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How Synaptic Activity Protects Neurons

  April, 3 2008 9:14
your information resource in human molecular genetics

Scientists have identified a key signalling pathway that could protect areas of the brain at risk of damage from ageing and neurodegenerative diseases.

The study, published online in Nature Neuroscience this week, reports that activation of NMDA receptors increases the expression of enzymes that protect neurons from damage by molecules called free radicals, which disrupt many normal cellular functions. Because these receptors are activated by events, including strokes, that increase the risk of such damage, this signalling pathway could serve to target the protective response to areas of the brain that need it most.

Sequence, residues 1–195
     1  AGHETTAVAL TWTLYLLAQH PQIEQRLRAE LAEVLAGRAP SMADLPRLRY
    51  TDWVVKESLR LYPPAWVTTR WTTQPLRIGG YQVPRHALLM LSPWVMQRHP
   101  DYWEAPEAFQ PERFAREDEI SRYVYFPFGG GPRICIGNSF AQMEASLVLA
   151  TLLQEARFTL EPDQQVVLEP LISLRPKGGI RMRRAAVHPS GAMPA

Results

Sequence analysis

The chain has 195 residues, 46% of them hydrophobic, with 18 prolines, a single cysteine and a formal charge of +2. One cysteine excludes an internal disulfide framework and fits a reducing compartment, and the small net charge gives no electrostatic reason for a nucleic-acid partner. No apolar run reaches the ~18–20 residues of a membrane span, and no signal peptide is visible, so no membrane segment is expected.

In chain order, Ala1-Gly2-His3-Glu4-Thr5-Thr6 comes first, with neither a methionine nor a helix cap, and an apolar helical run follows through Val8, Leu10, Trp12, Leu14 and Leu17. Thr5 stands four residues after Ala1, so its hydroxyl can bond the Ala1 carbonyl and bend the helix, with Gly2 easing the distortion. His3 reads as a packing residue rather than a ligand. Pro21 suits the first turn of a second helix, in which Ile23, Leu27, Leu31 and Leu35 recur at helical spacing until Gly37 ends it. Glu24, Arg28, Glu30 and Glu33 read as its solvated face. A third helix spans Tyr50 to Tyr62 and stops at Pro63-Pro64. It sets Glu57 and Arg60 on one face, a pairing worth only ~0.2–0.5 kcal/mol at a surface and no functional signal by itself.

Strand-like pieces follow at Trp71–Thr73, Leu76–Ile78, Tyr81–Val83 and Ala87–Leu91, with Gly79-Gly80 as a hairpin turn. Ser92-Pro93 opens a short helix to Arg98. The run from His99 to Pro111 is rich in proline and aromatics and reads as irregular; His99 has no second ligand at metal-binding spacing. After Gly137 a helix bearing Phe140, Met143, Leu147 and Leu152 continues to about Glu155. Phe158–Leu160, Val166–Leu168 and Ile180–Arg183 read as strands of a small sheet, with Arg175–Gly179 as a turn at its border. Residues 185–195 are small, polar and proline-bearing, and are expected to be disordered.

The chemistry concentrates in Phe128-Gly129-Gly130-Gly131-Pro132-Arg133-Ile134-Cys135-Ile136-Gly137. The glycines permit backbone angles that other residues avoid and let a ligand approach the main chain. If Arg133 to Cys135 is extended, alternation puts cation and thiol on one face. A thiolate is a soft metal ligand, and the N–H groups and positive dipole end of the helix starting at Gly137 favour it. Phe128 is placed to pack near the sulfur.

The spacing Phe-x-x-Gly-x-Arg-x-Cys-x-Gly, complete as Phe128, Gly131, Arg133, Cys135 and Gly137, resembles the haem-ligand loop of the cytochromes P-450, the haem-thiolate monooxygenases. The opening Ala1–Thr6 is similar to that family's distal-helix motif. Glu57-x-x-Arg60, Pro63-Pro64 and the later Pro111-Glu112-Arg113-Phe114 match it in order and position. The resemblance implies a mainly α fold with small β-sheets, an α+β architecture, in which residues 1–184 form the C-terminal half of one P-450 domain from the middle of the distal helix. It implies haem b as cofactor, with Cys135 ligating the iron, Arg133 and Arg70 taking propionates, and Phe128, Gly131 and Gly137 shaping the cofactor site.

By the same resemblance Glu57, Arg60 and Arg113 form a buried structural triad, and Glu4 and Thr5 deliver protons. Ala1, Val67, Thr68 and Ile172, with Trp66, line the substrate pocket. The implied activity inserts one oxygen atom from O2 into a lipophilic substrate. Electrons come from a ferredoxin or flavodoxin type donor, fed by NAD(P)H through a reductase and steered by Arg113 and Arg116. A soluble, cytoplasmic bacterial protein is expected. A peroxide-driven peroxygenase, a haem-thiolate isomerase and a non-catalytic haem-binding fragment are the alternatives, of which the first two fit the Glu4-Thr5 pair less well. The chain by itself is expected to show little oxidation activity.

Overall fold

Giles Hardingham and colleagues report that the same receptor type also increases the effectiveness of cellular defences against free radicals. Activation of NMDA receptors at synapses increases the transcription of several enzymes that detoxify free radicals. Interfering with these enzyme systems made cells more susceptible to damage by free radicals. The authors also showed that some of these enzymes can reverse a chemical reaction that increases neural vulnerability; such reversal was not known to be possible in mammalian cells. Thus, this research may have identified a new potential target for therapies to decrease or reverse damage due to aging and neurodegenerative diseases.

Author contact:

Giles Hardingham (University of Edinburgh, UK)
E-mail: Giles.H@ed.ac.uk

Abstract available online

(C) Nature Neuroscience press release.

Message posted by: Trevor M. D'Souza

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